Biography of Stephen Sandy
"The record: I was born in Minneapolis at Abbott Hospital near Loring Park on August 2, 1934....After a brief stint on active duty in the navy, I entered Yale College in the fall of 1951. I joined the NROTC; I left it by transferring to the AFROTC; I had grown passionate about my education and soon dropped AFROTC as well.
"I graduated with a B.A. in English in June 1955 and was drafted by the army on September 12, 1955....
"I studied German at Harvard Summer School and in September 1957 entered the Harvard Graduate School in English, earning an M.A. in 1959 and a Ph.D. in 1963. While a graduate student, I attended Robert Lowell's poetry workshop at Boston University; later I worked with Archibald MacLeish....In 1963 I joined the faculty as a full-time instructor in English. In 1967 I went to Japan as a Fulbright Lecturer at the University of Tokyo and returned a year later to a position on the English faculty of Brown University. Before going to Tokyo I had met Virginia Scoville in Cambridge. In 1969 we were married and we moved to Bennington, Vermont, where I would teach at Bennington College. A daughter, Clare, was born in 1976 when we lived in White Creek, New York, and a son, Nathaniel, in 1980.
"The days of learning as a pupil became days of learning as a teacher. It was my privilege to be part of that clan: colleague and thus—at Bennington—friend of many.
"In a long perspective, the situation does not matter, the telos only does, and that is the enduring trade. Think of a man in his study, surrounded by books, looking at them—like a cat with unfocused stare crouched under a peony bush—wondering whatever had they meant to him, things he once read, loved ones, loved things and days, and what he had been about. At the bottom of the garden of years, what is time? What matters but a few facts and loved ones held; or a mind, on the long frayed track of memory, running in the dark?"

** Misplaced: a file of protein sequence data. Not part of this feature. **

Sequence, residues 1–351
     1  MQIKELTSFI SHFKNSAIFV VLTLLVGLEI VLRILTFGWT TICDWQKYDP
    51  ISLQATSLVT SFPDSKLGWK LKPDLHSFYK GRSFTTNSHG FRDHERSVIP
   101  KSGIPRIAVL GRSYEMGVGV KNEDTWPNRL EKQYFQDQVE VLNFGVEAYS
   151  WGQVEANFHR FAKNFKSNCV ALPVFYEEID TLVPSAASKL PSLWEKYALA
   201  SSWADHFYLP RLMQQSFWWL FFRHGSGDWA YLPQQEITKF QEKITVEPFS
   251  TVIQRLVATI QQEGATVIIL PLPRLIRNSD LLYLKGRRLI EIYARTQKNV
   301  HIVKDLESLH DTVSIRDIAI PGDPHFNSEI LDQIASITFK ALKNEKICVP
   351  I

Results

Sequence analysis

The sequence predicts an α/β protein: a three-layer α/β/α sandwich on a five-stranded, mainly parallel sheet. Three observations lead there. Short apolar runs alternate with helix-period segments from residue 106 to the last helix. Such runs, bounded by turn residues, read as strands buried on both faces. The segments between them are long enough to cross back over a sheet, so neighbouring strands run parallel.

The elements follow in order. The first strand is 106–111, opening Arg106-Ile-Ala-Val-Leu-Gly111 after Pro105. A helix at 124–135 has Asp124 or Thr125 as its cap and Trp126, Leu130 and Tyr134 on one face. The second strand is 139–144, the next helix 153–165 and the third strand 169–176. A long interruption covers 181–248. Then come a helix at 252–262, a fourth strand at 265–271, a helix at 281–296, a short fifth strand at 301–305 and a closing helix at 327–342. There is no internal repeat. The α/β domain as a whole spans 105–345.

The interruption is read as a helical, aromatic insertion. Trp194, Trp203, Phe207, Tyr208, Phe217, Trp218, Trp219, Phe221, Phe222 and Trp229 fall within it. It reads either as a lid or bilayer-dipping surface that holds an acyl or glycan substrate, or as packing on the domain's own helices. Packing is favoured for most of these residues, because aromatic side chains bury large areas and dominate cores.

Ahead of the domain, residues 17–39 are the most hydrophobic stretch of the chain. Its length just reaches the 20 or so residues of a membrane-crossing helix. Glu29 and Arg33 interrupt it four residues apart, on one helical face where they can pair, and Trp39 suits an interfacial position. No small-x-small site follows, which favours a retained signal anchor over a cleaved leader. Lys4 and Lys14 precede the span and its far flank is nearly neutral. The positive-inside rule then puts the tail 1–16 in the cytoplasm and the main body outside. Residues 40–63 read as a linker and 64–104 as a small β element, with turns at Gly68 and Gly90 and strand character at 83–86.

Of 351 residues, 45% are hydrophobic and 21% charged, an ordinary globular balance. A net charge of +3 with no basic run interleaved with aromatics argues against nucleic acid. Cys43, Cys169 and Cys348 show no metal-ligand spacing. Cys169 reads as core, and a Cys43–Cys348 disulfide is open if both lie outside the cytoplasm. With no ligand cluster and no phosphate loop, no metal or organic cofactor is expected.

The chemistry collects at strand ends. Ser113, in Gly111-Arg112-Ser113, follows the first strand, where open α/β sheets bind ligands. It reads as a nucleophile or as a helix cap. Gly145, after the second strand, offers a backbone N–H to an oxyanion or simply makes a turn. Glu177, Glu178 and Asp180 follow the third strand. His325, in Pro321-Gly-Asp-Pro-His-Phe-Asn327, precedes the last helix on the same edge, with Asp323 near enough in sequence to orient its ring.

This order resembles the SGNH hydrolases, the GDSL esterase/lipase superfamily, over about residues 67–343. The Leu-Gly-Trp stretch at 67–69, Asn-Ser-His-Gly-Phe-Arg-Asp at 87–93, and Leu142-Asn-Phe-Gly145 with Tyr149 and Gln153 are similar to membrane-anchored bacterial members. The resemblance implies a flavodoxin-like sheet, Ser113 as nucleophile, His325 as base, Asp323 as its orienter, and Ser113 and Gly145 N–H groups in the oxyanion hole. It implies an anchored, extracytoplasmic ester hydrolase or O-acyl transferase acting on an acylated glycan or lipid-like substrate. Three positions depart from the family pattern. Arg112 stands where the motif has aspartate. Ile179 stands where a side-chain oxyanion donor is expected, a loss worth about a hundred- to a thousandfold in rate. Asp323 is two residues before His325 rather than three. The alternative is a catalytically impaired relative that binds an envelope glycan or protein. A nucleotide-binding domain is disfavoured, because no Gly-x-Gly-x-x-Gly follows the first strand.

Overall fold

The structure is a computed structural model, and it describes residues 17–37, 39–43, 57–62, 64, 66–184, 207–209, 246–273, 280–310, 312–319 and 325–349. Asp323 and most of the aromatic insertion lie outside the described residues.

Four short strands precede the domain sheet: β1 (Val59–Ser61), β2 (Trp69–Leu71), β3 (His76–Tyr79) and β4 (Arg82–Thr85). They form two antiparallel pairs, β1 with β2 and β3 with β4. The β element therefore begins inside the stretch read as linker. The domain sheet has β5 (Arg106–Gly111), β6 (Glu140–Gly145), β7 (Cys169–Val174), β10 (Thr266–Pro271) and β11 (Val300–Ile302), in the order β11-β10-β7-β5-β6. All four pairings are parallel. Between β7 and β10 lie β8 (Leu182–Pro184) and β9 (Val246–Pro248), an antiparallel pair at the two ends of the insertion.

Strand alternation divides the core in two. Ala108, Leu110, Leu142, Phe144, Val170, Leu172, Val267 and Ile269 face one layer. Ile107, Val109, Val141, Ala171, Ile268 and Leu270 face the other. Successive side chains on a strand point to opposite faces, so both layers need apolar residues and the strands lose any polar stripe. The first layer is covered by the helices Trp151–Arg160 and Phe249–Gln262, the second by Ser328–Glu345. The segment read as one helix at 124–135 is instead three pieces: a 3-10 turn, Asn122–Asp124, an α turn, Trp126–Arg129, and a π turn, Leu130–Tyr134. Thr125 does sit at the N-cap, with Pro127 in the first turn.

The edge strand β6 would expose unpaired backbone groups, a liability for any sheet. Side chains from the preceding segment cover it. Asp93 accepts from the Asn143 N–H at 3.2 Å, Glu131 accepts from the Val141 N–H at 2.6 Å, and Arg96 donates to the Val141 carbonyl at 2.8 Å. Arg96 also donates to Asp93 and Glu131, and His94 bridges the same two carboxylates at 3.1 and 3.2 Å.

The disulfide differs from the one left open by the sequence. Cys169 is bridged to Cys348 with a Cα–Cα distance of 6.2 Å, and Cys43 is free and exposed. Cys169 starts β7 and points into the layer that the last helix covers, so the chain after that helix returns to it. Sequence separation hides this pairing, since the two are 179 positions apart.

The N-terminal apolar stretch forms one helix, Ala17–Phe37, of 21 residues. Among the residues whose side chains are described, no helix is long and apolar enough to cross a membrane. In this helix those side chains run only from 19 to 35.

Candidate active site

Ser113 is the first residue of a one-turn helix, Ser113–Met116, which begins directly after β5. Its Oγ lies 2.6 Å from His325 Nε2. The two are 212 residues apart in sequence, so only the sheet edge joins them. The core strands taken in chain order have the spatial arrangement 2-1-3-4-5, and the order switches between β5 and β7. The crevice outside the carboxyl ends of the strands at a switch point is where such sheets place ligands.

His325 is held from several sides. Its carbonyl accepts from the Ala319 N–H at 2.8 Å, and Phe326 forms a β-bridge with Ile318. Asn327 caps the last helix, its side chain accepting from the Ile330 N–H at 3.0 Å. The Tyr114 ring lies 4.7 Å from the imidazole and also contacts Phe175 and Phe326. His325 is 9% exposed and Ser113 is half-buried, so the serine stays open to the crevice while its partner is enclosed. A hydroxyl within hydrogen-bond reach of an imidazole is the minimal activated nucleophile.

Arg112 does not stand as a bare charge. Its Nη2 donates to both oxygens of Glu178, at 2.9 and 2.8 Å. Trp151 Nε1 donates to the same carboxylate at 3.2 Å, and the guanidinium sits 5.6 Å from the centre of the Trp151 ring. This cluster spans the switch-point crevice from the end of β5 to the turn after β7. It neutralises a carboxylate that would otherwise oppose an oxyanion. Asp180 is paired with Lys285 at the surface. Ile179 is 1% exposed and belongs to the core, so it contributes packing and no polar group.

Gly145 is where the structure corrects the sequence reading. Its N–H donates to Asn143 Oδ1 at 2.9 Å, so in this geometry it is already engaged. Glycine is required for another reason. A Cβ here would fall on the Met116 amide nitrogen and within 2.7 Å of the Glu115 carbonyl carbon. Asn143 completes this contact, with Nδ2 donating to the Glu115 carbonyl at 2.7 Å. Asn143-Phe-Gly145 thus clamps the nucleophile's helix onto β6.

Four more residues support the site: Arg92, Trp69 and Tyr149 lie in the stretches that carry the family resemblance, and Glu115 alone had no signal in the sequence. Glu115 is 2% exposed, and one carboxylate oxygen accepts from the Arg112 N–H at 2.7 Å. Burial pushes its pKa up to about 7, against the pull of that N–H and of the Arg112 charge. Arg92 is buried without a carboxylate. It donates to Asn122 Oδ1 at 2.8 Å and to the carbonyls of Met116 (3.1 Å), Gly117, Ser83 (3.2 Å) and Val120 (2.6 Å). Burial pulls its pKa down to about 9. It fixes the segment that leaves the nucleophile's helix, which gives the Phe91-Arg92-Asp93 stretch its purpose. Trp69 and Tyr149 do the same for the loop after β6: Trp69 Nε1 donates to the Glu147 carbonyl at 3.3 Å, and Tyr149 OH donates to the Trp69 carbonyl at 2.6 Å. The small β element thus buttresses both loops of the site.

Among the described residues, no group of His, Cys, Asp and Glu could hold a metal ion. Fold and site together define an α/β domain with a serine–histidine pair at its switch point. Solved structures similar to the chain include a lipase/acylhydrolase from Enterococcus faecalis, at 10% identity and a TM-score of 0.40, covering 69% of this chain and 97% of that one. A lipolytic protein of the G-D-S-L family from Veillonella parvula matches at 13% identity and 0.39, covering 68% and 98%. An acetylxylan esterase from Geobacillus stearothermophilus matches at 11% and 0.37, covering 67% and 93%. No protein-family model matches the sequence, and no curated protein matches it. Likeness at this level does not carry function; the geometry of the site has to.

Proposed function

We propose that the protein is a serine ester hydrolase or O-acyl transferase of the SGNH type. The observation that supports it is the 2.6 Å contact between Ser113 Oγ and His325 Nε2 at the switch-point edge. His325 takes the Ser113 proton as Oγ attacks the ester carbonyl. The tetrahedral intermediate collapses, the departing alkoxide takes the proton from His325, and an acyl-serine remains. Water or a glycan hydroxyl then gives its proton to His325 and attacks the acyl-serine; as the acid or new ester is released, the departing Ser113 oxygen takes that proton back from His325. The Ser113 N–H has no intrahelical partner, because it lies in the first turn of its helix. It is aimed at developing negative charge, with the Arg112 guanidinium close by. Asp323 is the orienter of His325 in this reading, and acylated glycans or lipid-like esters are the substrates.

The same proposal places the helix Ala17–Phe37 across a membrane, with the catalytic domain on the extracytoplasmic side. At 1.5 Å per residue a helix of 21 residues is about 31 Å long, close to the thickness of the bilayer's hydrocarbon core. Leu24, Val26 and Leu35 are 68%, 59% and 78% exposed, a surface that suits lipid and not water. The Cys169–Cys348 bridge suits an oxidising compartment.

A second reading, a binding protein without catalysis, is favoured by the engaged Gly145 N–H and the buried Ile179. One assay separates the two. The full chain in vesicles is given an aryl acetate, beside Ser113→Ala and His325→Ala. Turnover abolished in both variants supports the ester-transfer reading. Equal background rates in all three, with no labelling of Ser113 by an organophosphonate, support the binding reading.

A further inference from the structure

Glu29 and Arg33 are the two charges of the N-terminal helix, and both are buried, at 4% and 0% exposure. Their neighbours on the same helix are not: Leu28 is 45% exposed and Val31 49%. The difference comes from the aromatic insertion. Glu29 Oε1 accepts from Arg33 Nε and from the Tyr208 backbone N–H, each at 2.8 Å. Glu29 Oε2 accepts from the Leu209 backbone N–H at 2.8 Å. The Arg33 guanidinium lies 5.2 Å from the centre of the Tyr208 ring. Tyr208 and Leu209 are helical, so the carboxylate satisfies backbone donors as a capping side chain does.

Stephen Sandy Poems
New England Graveyard
Back of the church the busy forsythias bow and scrape to May and all these blessed stones stiff in their careful finery of words;
When I was a kid taken to the best end of the lake, the raked gravel of someone's circular drive —always rustling evenly under the tires
When the war came that year it was the fashion to place a light in the window then lights went on each night to give
Hard to believe the racket geese make, squabbling, holding a confab in the dark--pitch dark to him padding back to check the lights; yes, the windows are dark.
When I was a kid taken to the best end of the lake,
the raked gravel of someone's circular drive
—always rustling evenly under the tires
with a hushed crunch—served notice, served privilege;
distant, esteemed. Maybe an Ordway's place,
or the leaf-free drive and lawns of Southways,
long and green in shade near private waters